• The Perfect Candidate believes they are perfect and will make that belief known, continually emphasizing how they are the right person. This is an applicant that you want to avoid.
  • The Politician never gives a straight answer and will evade an issue and bring up another topic.  They must be forced to be specific by using clear and probing questions.
  • The Questioner will try to turn the tables and ask his or her own questions. The interviewer must assert control over the questioning.

Behavioral Interviewing is another technique which can be very helpful for gauging the candidate’s response to stress in certain situations. Here are some sample questions:

  1. Tell me about a time that you missed an important deadline.
  2. How did you handle missing the deadline?
  3. What steps did you take to inform all interested parties that the deadline would not be met?
  4. What were the consequences of missing the deadline?
  5. Did you receive disciplinary action for missing the deadline?
  6. If yes to the last question, did you agree with the disciplinary action?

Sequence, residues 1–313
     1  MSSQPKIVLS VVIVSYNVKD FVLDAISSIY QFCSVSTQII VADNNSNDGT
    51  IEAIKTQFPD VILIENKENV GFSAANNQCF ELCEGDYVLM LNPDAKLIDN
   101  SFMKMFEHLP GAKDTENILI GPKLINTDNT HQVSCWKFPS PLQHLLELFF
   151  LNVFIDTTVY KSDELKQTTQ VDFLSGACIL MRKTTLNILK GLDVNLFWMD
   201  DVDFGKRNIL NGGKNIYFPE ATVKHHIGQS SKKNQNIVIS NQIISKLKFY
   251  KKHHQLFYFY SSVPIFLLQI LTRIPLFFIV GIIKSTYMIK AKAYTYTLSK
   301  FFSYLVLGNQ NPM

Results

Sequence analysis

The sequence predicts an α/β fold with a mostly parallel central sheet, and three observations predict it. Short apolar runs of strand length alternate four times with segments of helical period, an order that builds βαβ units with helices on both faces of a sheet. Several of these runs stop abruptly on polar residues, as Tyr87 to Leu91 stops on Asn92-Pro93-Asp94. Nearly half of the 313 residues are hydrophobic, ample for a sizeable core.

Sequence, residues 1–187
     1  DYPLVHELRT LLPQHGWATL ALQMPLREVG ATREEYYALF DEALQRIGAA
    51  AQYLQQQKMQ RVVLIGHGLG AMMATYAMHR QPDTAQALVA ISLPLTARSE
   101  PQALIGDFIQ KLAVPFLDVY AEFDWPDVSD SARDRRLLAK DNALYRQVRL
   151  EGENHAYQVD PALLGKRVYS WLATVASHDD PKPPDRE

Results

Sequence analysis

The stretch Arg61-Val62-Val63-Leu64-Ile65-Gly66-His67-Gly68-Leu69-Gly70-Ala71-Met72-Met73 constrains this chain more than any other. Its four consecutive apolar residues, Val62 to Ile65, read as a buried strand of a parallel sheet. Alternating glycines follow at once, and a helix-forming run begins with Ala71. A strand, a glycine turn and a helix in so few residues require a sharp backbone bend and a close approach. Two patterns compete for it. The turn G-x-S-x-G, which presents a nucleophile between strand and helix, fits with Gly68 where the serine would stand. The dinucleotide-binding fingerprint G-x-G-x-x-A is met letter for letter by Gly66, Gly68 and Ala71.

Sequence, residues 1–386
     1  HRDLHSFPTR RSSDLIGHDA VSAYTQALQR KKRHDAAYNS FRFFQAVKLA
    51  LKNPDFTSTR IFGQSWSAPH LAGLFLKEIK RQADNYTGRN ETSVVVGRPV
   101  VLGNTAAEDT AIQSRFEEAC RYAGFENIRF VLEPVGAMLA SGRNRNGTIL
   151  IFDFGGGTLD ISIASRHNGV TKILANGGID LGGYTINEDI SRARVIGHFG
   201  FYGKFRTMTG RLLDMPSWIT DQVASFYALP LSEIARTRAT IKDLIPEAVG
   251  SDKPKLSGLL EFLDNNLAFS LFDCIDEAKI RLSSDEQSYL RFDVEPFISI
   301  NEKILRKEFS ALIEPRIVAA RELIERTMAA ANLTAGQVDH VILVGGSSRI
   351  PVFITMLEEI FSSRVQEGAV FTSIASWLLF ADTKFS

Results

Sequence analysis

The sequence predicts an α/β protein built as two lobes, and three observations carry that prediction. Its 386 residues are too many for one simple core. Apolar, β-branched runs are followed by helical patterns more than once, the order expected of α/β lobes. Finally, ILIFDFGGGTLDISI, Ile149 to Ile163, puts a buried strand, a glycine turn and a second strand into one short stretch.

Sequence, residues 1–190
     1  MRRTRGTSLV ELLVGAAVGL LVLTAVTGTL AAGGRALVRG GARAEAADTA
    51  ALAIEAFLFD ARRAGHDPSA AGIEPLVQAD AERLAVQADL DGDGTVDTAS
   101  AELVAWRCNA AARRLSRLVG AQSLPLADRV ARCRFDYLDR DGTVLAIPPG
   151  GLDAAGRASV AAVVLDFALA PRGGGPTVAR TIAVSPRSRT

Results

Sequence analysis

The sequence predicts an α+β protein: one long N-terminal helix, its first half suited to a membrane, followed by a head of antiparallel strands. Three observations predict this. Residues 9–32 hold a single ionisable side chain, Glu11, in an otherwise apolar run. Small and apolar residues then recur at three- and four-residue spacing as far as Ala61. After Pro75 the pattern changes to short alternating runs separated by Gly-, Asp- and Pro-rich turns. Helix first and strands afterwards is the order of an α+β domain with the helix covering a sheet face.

Additionally, you may want to schedule interviews during the work shift of the position being filled; this will allow a first hand glimpse of how the applicant will function when they are in their “zone”.  Also, group interviews are a great way to get others’ perspective on a candidate and they may notice things you missed, such as body language or a change in the applicant’s tone of voice.

It is very important to remember that there are federal and state restrictions on what a potential employer is allowed to ask an applicant during an interview. These prohibited questions are designed to protect applicants from potential illegal discrimination. To protect yourself from facing charges of discrimination in the workplace, you need to focus the job interview on job related areas. Ignore references to race, sex, age, religion or national origin. Any question during the interview that could relate to any of the areas mentioned is seen by the courts as “extremely unfavorable.”

(About the Author: Michele O’Donnell joined the team in January 2007 and currently leads MMC’s elite team of HR Consultants. Ms. O’Donnell has been involved in the Human Resources industry for more than 14 years, bringing vast training and management experience to the MMC leadership ranks. Her experience spans the broad scope of labor law, regulatory compliance and HR Best Practices, drawn from her rich experience as Director of HR for several firms throughout her career. She currently works to ensure that MMC’s consultants forge long lasting relationships with our clients, fostered in exceptional service and unsurpassed HR expertise. Ms. O’Donnell earned her baccalaureate degree in Business Administration from Auburn University before receiving her Masters degree in Human Resource Management from Troy State University.)